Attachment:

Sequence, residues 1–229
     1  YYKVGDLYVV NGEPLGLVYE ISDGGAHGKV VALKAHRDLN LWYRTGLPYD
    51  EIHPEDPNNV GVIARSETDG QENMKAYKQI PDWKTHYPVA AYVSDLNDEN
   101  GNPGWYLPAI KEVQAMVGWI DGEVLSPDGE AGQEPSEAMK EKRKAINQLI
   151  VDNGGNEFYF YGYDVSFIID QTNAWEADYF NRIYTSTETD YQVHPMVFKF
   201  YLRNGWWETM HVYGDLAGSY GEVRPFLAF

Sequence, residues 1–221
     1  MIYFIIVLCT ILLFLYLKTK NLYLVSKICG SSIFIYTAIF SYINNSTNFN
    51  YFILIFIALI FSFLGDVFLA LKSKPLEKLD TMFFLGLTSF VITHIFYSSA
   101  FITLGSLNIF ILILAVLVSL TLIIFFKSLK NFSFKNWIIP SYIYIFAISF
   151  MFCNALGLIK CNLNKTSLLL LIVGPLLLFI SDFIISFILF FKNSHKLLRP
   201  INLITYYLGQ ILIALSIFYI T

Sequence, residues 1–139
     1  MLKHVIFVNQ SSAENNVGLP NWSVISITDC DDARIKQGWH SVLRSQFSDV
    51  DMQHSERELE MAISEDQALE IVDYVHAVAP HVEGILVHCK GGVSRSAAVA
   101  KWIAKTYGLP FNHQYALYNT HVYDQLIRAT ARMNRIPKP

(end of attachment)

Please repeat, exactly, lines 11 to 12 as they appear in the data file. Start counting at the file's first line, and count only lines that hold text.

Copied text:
   151  MFCNALGLIK CNLNKTSLLL LIVGPLLLFI SDFIISFILF FKNSHKLLRP
   201  INLITYYLGQ ILIALSIFYI T